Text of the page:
AIC (Smaller is Better) 423.0
AICC (Smaller is Better) 424.9
BIC (Smaller is Better) 442.2
Pearson Statistic 82.0001
Effective Parameters 8
Effective Components 3

Parameter Estimates for Normal Model
Component Parameter Estimate Standard
Error
z Value Pr > |z|
1 Intercept 9.7101 0.1597 60.80 <.0001
2 Intercept 33.0444 0.5322 62.09 <.0001
3 Intercept 21.4039 0.2597 82.41 <.0001
1 Variance 0.1785 0.09542
2 Variance 0.8496 0.6937
3 Variance 4.8567 0.8098

Parameter Estimates for Mixing Probabilities
GLogit(Prob) Standard
Error
z Value Pr > |z|
1 0.0854 -2.3308 0.3959 -5.89 <.0001
2 0.0366 -3.1781 0.5893 -5.39 <.0001
3 0.8781 0

Figure 6.15: Density Plot for Best (Three-Component) Model Assuming Unequal Variances

Figure 6.16: Criterion Panel Plot for Model Selection Assuming Unequal Variances

This example uses the AIC for model selection. Figure 6.16 shows the AIC and other model fit criteria for each of the fitted models.

To require that the separate components have identical variances, add the EQUATE=SCALE option in the MODEL statement:

```title2 "Three to Seven Components, Equal Variances";
proc hpfmm data=galaxies criterion=AIC gconv=0;
model v = / kmin=3 kmax=7  equate=scale;
run;
```

The GCONV= convergence criterion is turned off in this PROC HPFMM run to avoid the early stoppage of the iterations when the relative gradient changes little between iterations. Turning the criterion off usually ensures that convergence is achieved with a small absolute gradient of the objective function.

The output for equal variances is shown in Figure 6.17 and Figure 6.18.

Figure 6.17: Model Selection for Galaxy Data Assuming Equal Variances

 HPFMM Analysis of Galaxies Data Three to Seven Components, Equal Variances

The HPFMM Procedure

Model Information
Data Set GALAXIES
Response Variable v
Type of Model Homogeneous Mixture
Distribution Normal
Min Components 3
Max Components 7
Estimation Method Maximum Likelihood

Component Evaluation for Mixture Models
Model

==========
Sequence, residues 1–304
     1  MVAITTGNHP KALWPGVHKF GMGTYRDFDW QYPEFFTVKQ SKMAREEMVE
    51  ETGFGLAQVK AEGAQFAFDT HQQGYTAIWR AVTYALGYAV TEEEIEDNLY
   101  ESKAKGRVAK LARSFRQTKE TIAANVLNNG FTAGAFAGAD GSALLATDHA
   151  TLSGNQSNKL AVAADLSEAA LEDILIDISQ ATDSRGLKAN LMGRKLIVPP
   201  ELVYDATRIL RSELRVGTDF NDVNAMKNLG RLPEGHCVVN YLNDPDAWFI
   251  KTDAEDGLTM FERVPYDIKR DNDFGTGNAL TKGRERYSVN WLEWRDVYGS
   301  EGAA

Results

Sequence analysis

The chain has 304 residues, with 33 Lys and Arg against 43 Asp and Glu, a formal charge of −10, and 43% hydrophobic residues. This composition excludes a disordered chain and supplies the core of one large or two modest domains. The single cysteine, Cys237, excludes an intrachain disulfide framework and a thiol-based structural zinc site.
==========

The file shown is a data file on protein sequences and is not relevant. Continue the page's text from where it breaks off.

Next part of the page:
ID
Number of -2 Log L AIC AICC BIC Pearson Max
Components Parameters
Total Eff. Total Eff.
1 3 3 6 6 478.74 490.74 491.86 505.18 82.00 1.197E-6
2 4 4 8 8 416.49 432.49 434.47 451.75 82.00 3.913E-6
3 5 5 10 10 416.49 436.49 439.59 460.56 82.00 4.319E-6
4 6 6 12 12 416.49 440.49 445.02 469.37 82.00 6.294E-6
5 7 7 14 14 416.49 444.49 450.76 478.19 82.00 4.885E-6

 The model with 4 components (ID=2) was selected as 'best' based on the AIC statistic.

Fit Statistics
-2 Log Likelihood 416.5
AIC (Smaller is Better) 432.5
AICC (Smaller is Better) 434.5
BIC (Smaller is Better) 451.7
Pearson Statistic 82.0000
Effective Parameters 8
Effective Components 4

Parameter Estimates for Normal Model
Component Parameter Estimate Standard
Error
z Value Pr > |z|
1 Intercept 23.5058 0.3460 67.93 <.0001
2 Intercept 33.0440 0.7610 43.42 <.0001
3 Intercept 20.0086 0.3029 66.06 <.0001
4 Intercept 9.7103 0.4981 19.50 <.0001
1 Variance 1.7354 0.3905
2 Variance 1.7354 0.3905
3 Variance 1.7354 0.3905
4 Variance 1.7354 0.3905

Parameter Estimates for Mixing Probabilities
GLogit(Prob) Standard
Error
z Value Pr > |z|
1 0.3503 1.4118 0.4497 3.14 0.0017
2 0.0366 -0.8473 0.6901 -1.23 0.2195
3 0.5277 1.8216 0.4205 4.33 <.0001
4 0.0854 0

Figure 6.18: Density Plot for Best (Six-Component) Model Assuming Equal Variances

Not surprisingly, the two variance specifications produce different optimal models. The unequal variance specification favors a three-component model while the equal variance specification favors a four-component model. Comparison of the AIC fit statistics, 423.0 and 432.5, indicates that the three-component, unequal variance model provides the best overall fit.